your health
July 30, 2014

The acting U.S. surgeon general delivered sobering information in a report on skin cancer released Tuesday. Rear Adm. Boris Lushniak warned that melanoma cases have gone up 200 percent since 1973, and one of the ways to combat that scary statistic is to stop tanning.

"We need more states and institutions on board with these policies that discourage or restrict indoor tanning by our youth," he said. "Tanned skin is damaged skin." Lushniak is calling for state and local officials to ensure that parks have enough shade, and for schools to plan outdoor activities when the sun is lower and to teach children the importance of wearing hats and sunscreen, The Associated Press reports.

Lushniak's goal is to raise awareness of skin cancer, which is seen as a public health problem. More than $8 billion is spent every year to treat skin cancer, and the Department of Health and Human Services says that five million people are treated every year.

The deadliest form of skin cancer, melanoma kills 9,000 people a year, but is mostly preventable. The Melanoma Research Foundation says that by using a tanning bed before turning 30, a person's risk of getting melanoma increases by 75 percent. "We need to change the social norm with respect to tanning and shatter the myth that tanned skin is somehow a sign of health," Howard Koh, assistant secretary for health for the Department of Health and Human Services, said.

3:35 p.m. ET

Don't have a cool $26 million to buy Lauren Bacall's three-bedroom apartment overlooking Central Park? There's still a chance to get your hands on something owned by the legendary movie star, who died in August. 

Items from "The Lauren Bacall Collection" will soon be auctioned off at Bonhams on March 31st and April 1st at their New York galleries. Among the most interesting items available to the public are a statue of late Bacall's late husband, Humphrey Bogart, and a well-traveled steamer trunk engraved with Bogart's initials.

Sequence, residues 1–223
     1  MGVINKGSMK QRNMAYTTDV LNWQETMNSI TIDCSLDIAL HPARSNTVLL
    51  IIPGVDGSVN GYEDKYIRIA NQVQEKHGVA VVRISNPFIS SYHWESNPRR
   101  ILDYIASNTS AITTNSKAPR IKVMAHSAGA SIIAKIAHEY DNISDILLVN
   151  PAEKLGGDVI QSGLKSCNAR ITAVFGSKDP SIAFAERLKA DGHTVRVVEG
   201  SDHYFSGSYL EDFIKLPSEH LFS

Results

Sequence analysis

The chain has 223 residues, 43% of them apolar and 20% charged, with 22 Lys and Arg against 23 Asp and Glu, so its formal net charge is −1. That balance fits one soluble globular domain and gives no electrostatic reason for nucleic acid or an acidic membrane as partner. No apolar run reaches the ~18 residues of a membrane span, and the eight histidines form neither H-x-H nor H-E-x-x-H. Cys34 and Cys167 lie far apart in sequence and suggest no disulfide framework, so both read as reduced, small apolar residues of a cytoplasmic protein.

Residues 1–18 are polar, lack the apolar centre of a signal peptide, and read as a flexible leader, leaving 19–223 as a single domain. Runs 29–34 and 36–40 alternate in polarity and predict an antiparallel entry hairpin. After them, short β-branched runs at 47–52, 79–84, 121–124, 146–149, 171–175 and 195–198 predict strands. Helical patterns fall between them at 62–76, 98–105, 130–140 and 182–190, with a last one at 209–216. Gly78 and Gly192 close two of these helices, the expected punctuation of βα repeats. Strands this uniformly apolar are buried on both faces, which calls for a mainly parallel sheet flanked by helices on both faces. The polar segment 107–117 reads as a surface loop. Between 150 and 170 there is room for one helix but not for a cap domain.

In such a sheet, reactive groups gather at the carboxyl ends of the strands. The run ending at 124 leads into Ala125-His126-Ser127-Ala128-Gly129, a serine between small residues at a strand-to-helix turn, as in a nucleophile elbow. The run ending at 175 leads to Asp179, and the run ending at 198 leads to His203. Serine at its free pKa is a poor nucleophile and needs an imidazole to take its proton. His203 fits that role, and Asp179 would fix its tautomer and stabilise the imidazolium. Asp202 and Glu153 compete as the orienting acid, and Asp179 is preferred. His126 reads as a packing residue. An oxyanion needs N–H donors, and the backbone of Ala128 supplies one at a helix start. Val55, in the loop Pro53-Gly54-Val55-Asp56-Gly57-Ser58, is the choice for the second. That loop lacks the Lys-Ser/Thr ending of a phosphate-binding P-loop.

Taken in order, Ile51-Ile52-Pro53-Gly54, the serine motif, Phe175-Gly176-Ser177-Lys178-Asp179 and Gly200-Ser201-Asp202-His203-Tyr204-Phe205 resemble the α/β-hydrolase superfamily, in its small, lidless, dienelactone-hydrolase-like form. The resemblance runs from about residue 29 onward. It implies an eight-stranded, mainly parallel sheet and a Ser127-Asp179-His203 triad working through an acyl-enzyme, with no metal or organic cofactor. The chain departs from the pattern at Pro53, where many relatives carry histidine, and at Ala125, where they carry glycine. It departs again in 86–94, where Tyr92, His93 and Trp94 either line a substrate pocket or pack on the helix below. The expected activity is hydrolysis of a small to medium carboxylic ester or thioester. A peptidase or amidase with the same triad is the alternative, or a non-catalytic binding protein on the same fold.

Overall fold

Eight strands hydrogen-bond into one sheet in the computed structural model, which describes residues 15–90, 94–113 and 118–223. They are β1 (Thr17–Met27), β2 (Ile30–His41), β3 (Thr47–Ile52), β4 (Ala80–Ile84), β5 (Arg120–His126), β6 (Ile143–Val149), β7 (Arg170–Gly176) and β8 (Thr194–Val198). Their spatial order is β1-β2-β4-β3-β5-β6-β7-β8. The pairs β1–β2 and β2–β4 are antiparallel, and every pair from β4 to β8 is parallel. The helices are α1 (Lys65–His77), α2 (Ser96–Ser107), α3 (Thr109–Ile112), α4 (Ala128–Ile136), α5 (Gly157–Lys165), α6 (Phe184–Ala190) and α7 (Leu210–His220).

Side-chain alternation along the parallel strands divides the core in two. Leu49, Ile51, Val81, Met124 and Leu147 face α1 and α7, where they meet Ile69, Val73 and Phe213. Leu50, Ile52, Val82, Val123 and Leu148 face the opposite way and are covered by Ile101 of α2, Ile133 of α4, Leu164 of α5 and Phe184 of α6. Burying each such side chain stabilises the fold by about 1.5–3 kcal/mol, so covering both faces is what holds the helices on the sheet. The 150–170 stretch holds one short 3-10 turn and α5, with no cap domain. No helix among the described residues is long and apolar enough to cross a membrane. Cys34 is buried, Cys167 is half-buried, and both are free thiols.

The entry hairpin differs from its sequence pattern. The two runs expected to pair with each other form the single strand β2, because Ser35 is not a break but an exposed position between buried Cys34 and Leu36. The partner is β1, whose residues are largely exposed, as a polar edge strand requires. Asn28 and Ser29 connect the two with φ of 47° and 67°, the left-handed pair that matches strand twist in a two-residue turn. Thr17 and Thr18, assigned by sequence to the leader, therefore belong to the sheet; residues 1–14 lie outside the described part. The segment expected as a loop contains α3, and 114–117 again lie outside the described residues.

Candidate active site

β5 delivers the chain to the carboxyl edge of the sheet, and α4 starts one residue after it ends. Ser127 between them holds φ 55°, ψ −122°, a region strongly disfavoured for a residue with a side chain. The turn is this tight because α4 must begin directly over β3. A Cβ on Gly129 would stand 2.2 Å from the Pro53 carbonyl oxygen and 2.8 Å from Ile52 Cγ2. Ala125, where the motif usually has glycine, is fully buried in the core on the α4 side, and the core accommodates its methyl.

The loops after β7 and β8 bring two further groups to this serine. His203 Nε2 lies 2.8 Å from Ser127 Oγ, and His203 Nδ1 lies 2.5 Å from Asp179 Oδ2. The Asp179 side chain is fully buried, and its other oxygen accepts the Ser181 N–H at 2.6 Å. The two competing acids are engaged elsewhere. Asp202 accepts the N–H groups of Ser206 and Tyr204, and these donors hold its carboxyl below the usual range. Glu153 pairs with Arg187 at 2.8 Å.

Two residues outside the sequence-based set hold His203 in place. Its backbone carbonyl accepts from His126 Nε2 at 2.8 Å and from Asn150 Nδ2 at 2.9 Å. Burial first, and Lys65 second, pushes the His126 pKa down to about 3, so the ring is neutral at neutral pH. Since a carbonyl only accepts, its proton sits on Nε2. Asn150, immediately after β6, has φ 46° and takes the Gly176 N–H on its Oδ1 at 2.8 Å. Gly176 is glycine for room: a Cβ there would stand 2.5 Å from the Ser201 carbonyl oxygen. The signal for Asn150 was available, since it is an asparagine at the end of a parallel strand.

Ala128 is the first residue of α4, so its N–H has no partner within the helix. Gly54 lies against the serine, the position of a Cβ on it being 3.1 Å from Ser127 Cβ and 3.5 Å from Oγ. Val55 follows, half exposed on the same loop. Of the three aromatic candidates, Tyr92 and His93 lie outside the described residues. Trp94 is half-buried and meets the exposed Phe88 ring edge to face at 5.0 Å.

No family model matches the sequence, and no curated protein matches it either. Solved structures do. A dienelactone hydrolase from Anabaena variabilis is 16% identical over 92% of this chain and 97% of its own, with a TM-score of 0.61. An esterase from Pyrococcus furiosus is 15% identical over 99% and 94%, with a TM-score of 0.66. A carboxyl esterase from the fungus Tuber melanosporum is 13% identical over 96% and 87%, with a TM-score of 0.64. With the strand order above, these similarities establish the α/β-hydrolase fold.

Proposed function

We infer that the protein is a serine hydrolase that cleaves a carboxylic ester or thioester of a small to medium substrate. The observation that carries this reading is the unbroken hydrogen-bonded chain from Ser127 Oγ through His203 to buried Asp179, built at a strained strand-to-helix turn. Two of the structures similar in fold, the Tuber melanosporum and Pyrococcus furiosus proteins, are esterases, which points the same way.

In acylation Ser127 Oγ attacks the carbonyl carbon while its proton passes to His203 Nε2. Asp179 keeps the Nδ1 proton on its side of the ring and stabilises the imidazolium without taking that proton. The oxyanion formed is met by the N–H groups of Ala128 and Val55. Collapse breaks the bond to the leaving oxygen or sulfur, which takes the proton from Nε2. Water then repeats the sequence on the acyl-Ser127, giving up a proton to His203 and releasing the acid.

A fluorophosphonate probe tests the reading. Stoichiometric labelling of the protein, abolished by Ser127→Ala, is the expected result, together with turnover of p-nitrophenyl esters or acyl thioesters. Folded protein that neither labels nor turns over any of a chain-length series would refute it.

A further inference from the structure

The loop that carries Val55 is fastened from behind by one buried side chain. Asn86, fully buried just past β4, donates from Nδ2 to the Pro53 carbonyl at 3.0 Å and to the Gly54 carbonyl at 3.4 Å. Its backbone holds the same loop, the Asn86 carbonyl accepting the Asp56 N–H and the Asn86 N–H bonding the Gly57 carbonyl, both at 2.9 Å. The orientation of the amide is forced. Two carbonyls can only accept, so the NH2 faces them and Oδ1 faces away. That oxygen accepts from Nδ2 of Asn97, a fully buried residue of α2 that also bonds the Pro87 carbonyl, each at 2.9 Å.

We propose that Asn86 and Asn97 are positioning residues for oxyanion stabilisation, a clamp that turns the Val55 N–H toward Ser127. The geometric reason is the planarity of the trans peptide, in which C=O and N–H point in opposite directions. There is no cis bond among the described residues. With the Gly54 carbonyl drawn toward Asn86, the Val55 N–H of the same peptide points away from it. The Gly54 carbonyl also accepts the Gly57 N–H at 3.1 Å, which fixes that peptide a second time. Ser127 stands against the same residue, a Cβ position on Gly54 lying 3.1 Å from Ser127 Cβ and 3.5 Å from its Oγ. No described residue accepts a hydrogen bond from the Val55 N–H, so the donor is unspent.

Also included among the 740 items to be auctioned over the course of four sessions are a large collection of jewelry and various pieces of art, including a painting done by late Sen. Ted Kennedy.

Bacall donated many of her iconic fashion pieces to the Fashion Institute of Technology before her death, and several will be on display there til April 4. Watch a video detailing the Bacall collection below. —Teresa Mull 

This just in
3:21 p.m. ET
Gabriella Demczuk/Getty Images

After months of drama, the House of Representatives on Tuesday passed a bill to fund the Department of Homeland Security with no strings attached targeting President Obama's executive action on immigration. The "clean" bill, which funds DHS through Sep. 30, passed by a 257 - 167 vote.

House Republicans had sought to hold DHS funding hostage in an attempt to scuttle Obama's immigration move. But Senate Democrats refused to give in and, with a partial DHS shutdown looming, Speaker of the House John Boehner (R-Ohio) finally cut loose the right wing of his caucus and agreed to bring the Senate's bipartisan DHS bill up for a vote.

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2:48 p.m. ET

Police in Ferguson, Missouri, displayed an overt bias against African Americans in the course of their law enforcement duties, according to a Justice Department investigation.

The DOJ review found that Ferguson's police department routinely violated the constitutional rights of blacks, disproportionately targeted them for arrest, and often used excessive force against them, according to leaked details of the report. The report also uncovered a 2008 email between police and court employees joking that President Obama would not be president for long because, "what black man holds a steady job for four years?" 

The full report, which arose after a white police officer fatally shot an unarmed black teenager last summer, is due out Wednesday.—Jon Terbush

Look at this
2:46 p.m. ET

Ah, the land of stock photos. It is a unique place, filled with people in ill-fitting business suits, lots of firm handshakes, and okay, plenty of cute puppies, too.

Over the next three weeks, you may notice some more familiar faces in stock photo land, courtesy of a promotion for Vince Vaughn's new movie, Unfinished Business. Twentieth Century Fox teamed up with iStock by Getty Images to create a series of photos featuring Vaughn, along with his co-stars Tom Wilkinson and Dave Franco, Adweek reports. The results are disturbingly good — or bad, depending on how you look at it — and should fit right in when you search for terms such as "synergy."

Take a look at three of the frames, complete with their iStock captions, below. —Sarah Eberspacher